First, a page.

Friday, October 13, 2017

Taboo Calvinism

Most Calvinists I have ever read or heard or spoken to will insist that God is not the author of sin and evil. But can they, real Calvinists, say that with logic on their side? Or, when they say that, from within their own theological system, are they simply sacrificing logic entirely?

Calvin, Edwards, Sproul and Piper, just to name a few leading Calvinist theologians, affirmed that God foreordained the fall of Adam and Eve and thereby all of its consequences. According to one of them, put very bluntly but helpfully, God “designed, ordained, and governs” everything that happens without exception—including sin and its consequences (evil decisions and actions by fallen people).

The question that should automatically arise, then, is how does this avoid making God the author of sin and evil? I don’t think it can—from within the common Calvinist system of God’s sovereignty, providence and predestination of all things.

When asked to explain, to relieve the apparent contradiction, most Calvinists appeal to “secondary causes.” God renders sin and evil certain only through secondary causes. Two come to mind: Satan and fallen human beings. But we cannot avoid going “back” in our thoughts to how Satan came to be evil and how Adam and Eve fell into sin when they had fellowship with God—given that God “designed, ordained, and governed” (and rendered certain) even their evil decisions and deeds.

If Satan (Lucifer) and Adam and Eve fell into sin and evil because God foreordained it and rendered it certain, how is it possible to “get God off the hook?” It isn’t. In every intelligible sense, this view of God and evil traces evil back to God’s intentions.

Ah! Some Calvinists will say: God is not guilty because his intentions in foreordaining and rendering sin and evil and all their consequences certain are good. Satan’s and Adam’s and Eve’s (and ours) are not good. But that’s not the point here. (I could argue that one into the ground also, but I’ll leave that for another time.) Back to the point: It is simply illogical to say that God is not the author of evil insofar as one also believes God “designed, ordained” and rendered it certain—even if through secondary causes and with good intentions.

Two points here. First, in my experience, most young, impressionable evangelical Calvinists have not thought this through. As soon as it is pointed out to them (viz., that logically Calvinism makes God the author of sin and evil no matter what their favorite Calvinist pastor or theologian says) they either say 1) Oh, I hadn’t thought that, or 2) Whatever God does is good just because God does it. The latter is what their Calvinist mentors should say, but usually don’t because it doesn’t answer how God is not the author of sin and evil and it makes God morally ambiguous.

Occasionally a Calvinist theologian, pastor, teacher, writer, will bite the bullet and admit that, from within the Calvinist system, as explicated by Calvin, Edwards, Sproul, and Piper, God is the author of sin and evil. Then, suddenly, he is harshly criticized for falling into heresy.

Logic matters—in every theological system and even in the pulpits. If Calvinists want to avoid logical contradiction they need to “back up” and re-think their whole explanation of God’s meticulous sovereignty in which God designs, ordains and renders certain everything that happens without exception or else admit that they do believe (whether consciously or hidden even from themselves) that God is the author of sin and evil.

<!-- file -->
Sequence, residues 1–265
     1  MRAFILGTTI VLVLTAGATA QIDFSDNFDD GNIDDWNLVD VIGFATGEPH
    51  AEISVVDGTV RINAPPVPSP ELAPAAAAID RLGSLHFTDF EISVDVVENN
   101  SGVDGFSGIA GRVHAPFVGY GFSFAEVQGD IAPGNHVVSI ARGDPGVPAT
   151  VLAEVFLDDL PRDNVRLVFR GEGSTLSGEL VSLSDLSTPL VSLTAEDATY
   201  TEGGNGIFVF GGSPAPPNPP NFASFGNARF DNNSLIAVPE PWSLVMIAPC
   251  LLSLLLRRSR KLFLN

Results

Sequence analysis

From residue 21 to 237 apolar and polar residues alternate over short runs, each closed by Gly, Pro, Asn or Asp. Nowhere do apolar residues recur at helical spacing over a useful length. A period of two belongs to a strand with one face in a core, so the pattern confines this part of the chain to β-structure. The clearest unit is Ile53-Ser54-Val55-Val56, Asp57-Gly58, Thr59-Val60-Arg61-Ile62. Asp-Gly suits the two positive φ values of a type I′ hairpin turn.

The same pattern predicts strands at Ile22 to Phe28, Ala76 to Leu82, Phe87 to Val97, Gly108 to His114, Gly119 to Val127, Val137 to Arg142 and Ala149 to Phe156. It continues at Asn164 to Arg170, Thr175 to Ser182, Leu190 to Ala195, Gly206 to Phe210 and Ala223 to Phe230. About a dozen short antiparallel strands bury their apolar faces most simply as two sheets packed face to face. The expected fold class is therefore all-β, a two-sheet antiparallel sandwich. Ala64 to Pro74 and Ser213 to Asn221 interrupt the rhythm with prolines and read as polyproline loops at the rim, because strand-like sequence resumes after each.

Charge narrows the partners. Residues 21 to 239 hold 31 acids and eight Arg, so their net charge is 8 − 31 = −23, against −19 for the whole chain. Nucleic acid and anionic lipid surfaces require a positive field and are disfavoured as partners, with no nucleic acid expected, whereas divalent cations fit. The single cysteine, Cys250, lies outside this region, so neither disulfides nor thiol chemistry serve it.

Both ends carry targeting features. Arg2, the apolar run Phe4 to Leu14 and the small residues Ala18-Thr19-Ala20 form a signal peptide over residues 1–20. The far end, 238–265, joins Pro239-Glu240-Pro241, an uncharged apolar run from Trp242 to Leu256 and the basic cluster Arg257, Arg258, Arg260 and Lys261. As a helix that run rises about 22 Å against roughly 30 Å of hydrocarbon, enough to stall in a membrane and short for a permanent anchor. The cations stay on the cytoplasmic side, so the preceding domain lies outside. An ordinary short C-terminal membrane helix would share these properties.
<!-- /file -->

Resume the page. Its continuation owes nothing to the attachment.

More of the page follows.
(Footnote: I do not consider anyone a consistent, true Calvinist who does not believe God foreordained the fall of humanity and rendered it certain. Here, in this essay, I am addressing only those true, consistent Calvinists who, together with Calvin, believe God foreordained the fall of humanity and everything else and rendered everything certain according to a divine plan. There are all kinds of people who call themselves “Calvinists” who I do not consider “real Calvinists” and there are all kinds of people who call themselves “Arminians” who I do not consider “real Arminians.”)

1. Not surprisingly, his article was mechanically plugged by SEA. It's striking how many freewill theists are absolutely obsessed with this formulation. The question represents a taboo. An irrational, superstitious line in the sand. It serves the same polemical function as liberal questions like: do you believe in "marriage equality", global warming, transgenderism, evolution? The purpose of these questions is to pigeon-hole people. These are litmus test questions. If they give the "wrong" answer, then the questioner feels justified in dismissing their viewpoint without argument. Their denial is treated as beyond the pale. It is unacceptable to even debate that question. The position is summarily classified as out of bounds.

2. Why do freewill theists act as if casting the issue in terms of a particular metaphor ("authorship") is a good way to frame the question? Why has that formulation acquired canonical status in freewill theism?

3. An obvious problem with a metaphorical question is that the scope of the metaphor needs to be defined. What do they mean by "author" of sin and evil? Can they offer a literal synonym or explanation? 

For instance, freewill theists act as if it's duplicitous for Calvin, the Synod of Dort, and the Westminster Confession to deny that God is the "author" of sin. But in my experience, they never bother to investigate what that phrase meant in historical theological usage. It doesn't even occur to them to ask whether their 21C definition corresponds to 16-17C usage.